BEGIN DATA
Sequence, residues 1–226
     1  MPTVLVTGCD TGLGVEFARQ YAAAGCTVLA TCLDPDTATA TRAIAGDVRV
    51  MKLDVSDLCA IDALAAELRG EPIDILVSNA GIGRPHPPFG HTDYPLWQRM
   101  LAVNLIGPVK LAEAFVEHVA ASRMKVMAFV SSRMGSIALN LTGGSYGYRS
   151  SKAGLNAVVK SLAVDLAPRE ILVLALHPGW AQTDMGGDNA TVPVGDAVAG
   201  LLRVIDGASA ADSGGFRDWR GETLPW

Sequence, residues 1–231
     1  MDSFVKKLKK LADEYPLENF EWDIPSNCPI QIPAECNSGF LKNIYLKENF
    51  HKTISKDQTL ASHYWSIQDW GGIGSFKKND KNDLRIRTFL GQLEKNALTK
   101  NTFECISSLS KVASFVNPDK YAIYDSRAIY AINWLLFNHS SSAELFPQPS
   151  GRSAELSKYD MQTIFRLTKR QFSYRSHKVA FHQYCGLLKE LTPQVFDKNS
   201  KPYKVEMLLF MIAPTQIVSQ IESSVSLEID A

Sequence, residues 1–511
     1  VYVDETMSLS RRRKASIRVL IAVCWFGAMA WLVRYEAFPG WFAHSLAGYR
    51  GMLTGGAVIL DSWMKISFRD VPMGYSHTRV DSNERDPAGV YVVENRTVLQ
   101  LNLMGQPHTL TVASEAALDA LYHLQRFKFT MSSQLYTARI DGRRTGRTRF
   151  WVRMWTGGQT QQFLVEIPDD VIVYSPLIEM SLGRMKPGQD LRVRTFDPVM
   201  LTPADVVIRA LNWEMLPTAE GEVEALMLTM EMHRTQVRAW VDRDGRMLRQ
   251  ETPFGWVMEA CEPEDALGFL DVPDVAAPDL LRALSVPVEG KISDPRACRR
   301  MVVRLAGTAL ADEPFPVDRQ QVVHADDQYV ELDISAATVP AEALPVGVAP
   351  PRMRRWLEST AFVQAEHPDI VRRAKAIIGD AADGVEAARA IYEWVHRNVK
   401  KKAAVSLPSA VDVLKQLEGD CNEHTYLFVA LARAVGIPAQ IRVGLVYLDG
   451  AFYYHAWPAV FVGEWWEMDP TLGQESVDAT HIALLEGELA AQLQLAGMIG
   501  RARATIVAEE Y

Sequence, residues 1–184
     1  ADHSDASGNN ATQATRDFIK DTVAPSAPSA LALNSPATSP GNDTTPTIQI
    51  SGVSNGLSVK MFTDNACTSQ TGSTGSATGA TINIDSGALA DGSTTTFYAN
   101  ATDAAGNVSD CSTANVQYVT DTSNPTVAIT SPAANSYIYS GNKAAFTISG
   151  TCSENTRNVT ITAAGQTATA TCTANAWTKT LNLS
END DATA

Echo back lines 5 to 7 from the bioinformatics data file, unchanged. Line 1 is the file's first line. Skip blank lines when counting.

   151  SKAGLNAVVK SLAVDLAPRE ILVLALHPGW AQTDMGGDNA TVPVGDAVAG
   201  LLRVIDGASA ADSGGFRDWR GETLPW

Sequence, residues 1–231